If you are a (close family member of a) EU national, you pay the reduced 'home' fee at Universities in England. There are residency requirements that you have not lived outside the European Economic Area or Switzerland in the three years before your course starts but there are no residency requirements for the UK.
If you are the child of a Swiss national, you also pay the reduced 'home' fee but you have to fulfil the above prior residency requirement AS WELL AS being resident in the United Kingdom on the first academic day of the first academic year of your course. For all courses beginning between August and December, this is universally defined as September 1.
The situation is thus that if an EU national and a child of a Swiss national both start a course in mid-October, the child of a Swiss national has to take up residence in the UK already on or before September 1, wheras the EU national can just arrive on the day his course actually starts.
The exactly same provision applies in terms of eligibility for student loans.
Such discrimination is unnecessary and unfair – EU and Swiss students should be treated similarly, otherwise the spirit of the Agreement on the Free Movement of Persons between the EU and Switzerland is violated.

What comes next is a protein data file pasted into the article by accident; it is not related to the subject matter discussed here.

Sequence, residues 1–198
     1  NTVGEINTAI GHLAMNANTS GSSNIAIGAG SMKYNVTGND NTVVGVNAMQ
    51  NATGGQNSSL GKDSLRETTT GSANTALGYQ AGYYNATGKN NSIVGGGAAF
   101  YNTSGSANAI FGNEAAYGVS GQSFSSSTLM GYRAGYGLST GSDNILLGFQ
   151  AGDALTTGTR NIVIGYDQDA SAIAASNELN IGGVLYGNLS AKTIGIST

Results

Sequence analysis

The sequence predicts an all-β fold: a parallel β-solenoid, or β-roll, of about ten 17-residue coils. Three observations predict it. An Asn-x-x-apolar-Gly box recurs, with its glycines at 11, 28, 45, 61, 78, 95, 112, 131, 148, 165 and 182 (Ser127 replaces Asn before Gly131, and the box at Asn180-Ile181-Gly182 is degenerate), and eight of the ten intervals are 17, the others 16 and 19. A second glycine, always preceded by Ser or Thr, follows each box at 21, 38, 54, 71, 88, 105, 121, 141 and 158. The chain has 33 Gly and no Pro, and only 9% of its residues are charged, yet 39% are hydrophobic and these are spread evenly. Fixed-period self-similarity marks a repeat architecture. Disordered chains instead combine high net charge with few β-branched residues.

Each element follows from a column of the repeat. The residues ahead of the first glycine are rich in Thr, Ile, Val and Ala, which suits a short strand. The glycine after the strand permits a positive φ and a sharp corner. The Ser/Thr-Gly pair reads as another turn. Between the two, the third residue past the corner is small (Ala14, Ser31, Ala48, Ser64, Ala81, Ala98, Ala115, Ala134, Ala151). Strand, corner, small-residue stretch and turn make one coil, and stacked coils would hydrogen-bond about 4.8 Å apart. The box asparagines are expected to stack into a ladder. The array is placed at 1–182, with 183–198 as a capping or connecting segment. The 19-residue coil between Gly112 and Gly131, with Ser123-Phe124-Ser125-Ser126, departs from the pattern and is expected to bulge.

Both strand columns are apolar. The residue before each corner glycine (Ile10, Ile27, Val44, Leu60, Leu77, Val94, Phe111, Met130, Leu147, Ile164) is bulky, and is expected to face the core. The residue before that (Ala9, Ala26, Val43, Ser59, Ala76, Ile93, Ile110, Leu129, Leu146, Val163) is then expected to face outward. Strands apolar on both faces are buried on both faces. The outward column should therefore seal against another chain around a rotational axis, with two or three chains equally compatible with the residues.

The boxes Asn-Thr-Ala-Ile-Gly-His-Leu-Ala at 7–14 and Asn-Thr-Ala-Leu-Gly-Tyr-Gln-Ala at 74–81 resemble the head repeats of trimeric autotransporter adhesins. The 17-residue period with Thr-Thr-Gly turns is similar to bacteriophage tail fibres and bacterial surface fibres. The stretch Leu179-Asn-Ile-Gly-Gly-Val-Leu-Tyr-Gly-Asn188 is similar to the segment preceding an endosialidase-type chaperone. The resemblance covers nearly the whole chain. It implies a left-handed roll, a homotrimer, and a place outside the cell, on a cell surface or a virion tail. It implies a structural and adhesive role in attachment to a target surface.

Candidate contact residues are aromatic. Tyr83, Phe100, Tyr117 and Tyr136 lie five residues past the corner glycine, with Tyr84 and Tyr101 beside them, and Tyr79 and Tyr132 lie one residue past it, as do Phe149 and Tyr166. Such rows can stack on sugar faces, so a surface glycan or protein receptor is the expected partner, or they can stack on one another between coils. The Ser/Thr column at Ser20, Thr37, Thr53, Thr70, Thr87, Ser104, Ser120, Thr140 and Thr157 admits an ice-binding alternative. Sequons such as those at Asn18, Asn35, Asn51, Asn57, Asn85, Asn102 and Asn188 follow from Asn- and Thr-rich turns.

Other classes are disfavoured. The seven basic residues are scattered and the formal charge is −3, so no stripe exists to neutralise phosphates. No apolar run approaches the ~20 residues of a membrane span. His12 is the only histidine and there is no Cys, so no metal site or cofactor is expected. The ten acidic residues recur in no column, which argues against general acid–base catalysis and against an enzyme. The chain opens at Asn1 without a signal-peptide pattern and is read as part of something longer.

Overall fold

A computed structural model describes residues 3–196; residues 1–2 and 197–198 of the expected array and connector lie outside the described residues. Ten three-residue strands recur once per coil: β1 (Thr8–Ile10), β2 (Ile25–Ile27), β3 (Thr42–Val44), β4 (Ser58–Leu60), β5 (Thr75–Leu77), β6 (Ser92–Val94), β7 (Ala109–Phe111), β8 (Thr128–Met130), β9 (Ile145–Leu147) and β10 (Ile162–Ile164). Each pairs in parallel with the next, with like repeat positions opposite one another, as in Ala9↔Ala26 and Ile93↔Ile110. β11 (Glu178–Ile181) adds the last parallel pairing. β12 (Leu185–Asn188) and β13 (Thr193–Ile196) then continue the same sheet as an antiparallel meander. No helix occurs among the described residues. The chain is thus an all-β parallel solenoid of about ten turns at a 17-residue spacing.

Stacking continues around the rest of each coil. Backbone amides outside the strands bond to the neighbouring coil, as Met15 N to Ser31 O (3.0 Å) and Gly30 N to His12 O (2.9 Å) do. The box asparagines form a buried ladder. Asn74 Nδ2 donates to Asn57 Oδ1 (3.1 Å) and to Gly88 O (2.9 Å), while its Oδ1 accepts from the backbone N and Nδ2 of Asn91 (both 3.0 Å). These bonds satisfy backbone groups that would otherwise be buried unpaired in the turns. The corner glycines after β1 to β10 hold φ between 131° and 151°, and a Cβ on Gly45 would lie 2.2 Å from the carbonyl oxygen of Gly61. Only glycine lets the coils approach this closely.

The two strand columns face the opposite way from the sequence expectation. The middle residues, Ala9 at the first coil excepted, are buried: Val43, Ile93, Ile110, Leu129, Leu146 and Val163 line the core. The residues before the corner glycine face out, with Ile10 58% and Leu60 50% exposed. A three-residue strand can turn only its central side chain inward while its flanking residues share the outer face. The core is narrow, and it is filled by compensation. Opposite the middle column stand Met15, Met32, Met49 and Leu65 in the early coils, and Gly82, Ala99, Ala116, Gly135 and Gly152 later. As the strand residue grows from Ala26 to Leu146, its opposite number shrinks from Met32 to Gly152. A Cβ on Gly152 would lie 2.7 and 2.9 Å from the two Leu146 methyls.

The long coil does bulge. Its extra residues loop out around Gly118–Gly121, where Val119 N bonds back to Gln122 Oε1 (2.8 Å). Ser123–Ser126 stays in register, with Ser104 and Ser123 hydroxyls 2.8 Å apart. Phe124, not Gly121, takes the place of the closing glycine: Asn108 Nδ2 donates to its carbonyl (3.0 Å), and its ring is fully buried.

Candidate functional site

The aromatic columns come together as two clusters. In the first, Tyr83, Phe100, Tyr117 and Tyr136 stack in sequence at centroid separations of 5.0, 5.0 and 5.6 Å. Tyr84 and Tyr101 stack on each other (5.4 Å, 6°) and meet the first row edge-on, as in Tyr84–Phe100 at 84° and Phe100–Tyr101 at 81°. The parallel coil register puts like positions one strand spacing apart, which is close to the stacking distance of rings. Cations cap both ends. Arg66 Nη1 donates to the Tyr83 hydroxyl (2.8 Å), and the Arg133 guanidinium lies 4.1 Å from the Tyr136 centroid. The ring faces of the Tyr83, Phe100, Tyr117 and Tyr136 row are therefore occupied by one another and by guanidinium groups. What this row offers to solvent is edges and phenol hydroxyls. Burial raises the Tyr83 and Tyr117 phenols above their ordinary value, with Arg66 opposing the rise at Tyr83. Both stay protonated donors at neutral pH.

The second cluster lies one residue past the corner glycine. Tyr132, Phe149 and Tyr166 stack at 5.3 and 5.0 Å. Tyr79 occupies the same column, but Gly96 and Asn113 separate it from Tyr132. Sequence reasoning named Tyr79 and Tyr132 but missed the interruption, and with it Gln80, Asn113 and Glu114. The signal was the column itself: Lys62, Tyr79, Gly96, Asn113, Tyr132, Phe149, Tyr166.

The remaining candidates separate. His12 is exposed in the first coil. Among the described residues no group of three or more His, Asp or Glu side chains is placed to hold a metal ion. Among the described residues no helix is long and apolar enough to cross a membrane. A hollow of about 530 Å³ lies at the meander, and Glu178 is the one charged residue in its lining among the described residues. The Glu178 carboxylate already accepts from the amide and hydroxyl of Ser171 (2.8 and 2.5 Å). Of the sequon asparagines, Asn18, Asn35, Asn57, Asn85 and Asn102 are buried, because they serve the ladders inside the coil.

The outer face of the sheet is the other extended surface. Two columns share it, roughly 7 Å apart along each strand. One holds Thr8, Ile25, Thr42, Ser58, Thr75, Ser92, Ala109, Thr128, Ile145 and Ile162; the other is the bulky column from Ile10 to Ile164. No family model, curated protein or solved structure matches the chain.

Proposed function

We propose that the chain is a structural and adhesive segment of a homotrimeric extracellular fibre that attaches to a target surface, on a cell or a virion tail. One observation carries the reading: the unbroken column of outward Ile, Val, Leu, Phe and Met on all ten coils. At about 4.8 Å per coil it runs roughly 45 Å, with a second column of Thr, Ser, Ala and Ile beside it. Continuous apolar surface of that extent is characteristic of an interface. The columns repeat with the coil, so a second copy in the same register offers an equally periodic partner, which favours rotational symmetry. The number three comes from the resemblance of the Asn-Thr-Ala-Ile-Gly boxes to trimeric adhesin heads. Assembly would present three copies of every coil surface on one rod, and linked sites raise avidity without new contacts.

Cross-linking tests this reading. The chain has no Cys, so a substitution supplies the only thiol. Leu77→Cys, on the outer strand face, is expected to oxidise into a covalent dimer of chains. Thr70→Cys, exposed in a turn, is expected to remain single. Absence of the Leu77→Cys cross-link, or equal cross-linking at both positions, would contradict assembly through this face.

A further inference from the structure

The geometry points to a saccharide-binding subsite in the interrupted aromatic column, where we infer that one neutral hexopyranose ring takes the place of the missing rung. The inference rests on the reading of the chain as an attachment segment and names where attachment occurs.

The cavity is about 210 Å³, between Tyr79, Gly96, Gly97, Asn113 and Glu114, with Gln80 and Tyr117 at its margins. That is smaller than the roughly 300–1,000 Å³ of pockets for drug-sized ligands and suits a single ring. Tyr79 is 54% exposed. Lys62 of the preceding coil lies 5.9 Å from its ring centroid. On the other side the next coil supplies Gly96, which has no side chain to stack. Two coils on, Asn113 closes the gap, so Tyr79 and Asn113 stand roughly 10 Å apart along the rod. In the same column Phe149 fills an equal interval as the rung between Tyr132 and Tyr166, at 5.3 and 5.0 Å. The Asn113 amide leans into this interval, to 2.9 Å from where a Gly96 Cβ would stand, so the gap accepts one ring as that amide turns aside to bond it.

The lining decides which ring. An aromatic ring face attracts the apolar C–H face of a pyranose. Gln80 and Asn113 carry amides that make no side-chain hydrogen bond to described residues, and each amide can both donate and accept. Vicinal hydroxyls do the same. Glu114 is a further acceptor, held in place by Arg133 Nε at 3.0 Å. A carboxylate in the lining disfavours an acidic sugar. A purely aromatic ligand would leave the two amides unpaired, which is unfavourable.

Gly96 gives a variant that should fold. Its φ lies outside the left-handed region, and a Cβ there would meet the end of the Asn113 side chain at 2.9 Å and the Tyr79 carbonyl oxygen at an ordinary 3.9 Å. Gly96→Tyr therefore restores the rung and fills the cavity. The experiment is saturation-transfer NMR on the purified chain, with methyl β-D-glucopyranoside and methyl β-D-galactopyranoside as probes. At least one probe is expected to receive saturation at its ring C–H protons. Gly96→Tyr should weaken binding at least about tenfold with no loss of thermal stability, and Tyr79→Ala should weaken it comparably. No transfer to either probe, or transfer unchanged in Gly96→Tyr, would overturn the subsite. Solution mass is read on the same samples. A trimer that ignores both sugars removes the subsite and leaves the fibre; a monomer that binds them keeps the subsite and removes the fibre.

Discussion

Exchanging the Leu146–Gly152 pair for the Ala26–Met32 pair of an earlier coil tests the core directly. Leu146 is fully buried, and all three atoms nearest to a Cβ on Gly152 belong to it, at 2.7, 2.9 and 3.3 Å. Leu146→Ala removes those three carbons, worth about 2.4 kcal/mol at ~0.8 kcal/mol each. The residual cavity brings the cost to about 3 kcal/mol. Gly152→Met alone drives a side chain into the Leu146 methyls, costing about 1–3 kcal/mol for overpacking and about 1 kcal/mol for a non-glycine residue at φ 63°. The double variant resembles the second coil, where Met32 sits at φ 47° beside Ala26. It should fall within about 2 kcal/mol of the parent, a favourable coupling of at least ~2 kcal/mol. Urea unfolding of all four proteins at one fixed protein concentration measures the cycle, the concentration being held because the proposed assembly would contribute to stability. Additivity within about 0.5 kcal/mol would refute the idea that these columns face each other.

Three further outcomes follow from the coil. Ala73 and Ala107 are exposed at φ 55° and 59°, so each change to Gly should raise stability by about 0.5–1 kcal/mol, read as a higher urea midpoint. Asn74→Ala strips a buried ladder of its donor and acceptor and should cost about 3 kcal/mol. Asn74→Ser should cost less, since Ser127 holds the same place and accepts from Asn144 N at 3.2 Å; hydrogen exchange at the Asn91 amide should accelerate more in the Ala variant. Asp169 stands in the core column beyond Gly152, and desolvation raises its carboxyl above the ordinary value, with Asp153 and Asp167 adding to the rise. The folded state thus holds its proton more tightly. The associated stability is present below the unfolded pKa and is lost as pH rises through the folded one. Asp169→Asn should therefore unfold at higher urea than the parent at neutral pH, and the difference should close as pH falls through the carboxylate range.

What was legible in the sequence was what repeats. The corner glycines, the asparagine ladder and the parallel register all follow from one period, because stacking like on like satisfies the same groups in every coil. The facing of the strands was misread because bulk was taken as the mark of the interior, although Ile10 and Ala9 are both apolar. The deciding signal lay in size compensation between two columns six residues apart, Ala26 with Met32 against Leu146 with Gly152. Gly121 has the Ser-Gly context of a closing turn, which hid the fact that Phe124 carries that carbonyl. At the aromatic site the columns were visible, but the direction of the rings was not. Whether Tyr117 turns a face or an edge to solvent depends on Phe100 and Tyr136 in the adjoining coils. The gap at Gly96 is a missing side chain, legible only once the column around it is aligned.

Source: http://www.ukcisa.org.uk/student/info_sheets/tuition_fees_ewni.php and http://www.opsi.gov.uk/si/si2009/uksi_20091555_en_18 (clauses 9 versus 11)
Why is this idea important?
Due to the above restriction, Swiss students are discriminated against. They may be deterred from coming to the United Kingdom to study. The value of international students to the UK economy is, however, obvious.
It is clear from the spirit of the regulations that Swiss students are meant to be treated equally to EU students, receiving the 'home' fee in principle (other than e.g. US or Chinese students). Thus, this artificial restriction of UK residency requirements should be removed completely and the clause should be similarly worded to the EU nationals clause.